Back To Top Button ((NEW))
The popularity of responsive web design has led to a proliferation of single-column, long-page designs both on mobile and desktop. A consequence of these designs has been the Back to Top button, which is a shortcut that allows users to quickly navigate to the top of the page.
Back to top button
There are alternative methods for getting people where they need to go. Going back to the top is a means to an end. If you can anticipate what users want and offer it to them, even better. Below are a few ideas:
Navigation at the bottom of the page could satisfy those who want to go back to the top to navigate to or search for something else. This approach works best when users tend to scroll to the very bottom of long pages on your site.
Sticky menus are sometimes a more elegant solution than Back to Top links. If the main purpose of scrolling is to navigate to different topics or sections of the website, having the right menu options available when people need them voids the need to go back up.
The Home button on social sites often brings people to the top of their homepage, which happens to be a page with a long feed and in most need of a quick method to go back to top. Most people on social sites are accustomed to clicking the Home button to scroll to the top of their feed.
Many good solutions exist to help people get back to the top of webpages. Before you decide to implement Back to Top links, consider your use case and determine which approach works best for your audience.
I'm trying to do a back to top button but to scroll down and up to a certain point on the page. For instance you have a long text and you want to bring the user to the next paragraph by simply having them to click on a link... I've done it in the past but I can't remember how I did it for the life of me...
I used a form with a single submit button. Point the "action" attribute to the ID of the element that needs to be navigated to. Worked for me with just "#top" without needing to define an ID in my stylesheet:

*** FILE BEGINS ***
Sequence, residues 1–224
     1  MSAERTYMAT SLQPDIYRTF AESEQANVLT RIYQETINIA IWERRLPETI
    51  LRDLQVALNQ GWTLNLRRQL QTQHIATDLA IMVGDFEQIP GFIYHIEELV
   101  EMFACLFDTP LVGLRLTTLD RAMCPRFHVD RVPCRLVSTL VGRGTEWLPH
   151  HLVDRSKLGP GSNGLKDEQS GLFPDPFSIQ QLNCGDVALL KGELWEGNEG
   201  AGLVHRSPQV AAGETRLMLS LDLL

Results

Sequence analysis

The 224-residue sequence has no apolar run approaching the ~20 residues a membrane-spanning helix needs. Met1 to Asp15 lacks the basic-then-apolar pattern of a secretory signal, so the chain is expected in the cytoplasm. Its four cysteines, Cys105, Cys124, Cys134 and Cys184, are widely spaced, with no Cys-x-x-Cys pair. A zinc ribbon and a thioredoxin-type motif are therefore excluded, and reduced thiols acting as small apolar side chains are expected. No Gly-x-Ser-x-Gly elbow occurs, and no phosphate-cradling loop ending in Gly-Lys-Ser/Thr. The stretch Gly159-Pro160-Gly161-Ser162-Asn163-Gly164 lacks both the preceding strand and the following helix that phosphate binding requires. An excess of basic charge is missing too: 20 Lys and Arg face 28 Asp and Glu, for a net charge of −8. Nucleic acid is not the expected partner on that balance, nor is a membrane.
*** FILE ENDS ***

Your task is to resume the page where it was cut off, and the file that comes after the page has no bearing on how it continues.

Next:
When your page is very long you may want to give your users an option to quickly scroll back to the top of the page. In such cases the best solution is to add a button that will appear after the user scrolls a specified number of pixels.
For the sake of the article, I will keep the button as simple as possible but you can use whatever you want (an image, an icon, and so on). All you need is to keep the usage of a combined with href="#".
Our button is fixed at the bottom right of our screen thanks to our "sticky" behavior. Now we need to control that behavior to make the button initially hidden. For this, we will use margin-top with a value equal to the screen height (100vh ).
Oops, the button is messed up! Since we reduced the space of the button to 0, the latter will try to fit that space by adding line breaks. To fix this, we simply add white-space: nowrap to disable the line breaks.
We define our two-column layout where the container-top is the second one. We make the latter a flex container and we place the button at the very bottom using align-items: flex-end. Finally, we use position: sticky to have the button fixed at the bottom right of the screen.
Our second "back to top" button is done! Like the previous one, you can easily control the offset, the fading effect, and the position by adjusting the CSS variables, the bottom property, and the margin-right property.
First of all, we need to hide the button whenever the user opens the site. We also need to make sure that we add this style, separate from the button's base styles, as the button needs to be shown on scroll.
Next, we are adding an event listener to our document that will trigger the callback function on scroll. The scrollTop (MDN Reference) value that we are getting from the respective scrollContainer is nothing but the number of pixels that element has been scrolled from the top.
Here, when that value is higher than our set showOnPx value, that is 100px, we remove the hidden class from our button. If that is not the case, we add the class to the button (especially useful for when the user scrolls up manually).
Create realistic single page experiences with interactive back to top buttons in Adobe XD. In this tutorial, Howard Pinksy shows you how to use anchor links in Adobe XD to create an interactive button that scrolls to the top of the page when clicked -- great for prototyping one page experiences and websites.
The other important note from caniuse data is that you will need to offer it prefixed for the best support. Our demo will fallback to position: fixed which will achieve the main goal just a bit less gracefully.
We also add id="top" to the and use that anchor as the href value for the back to top link. If you only wanted to scroll to the top of you can move the id, or also attach it to an existing id near the top of your page.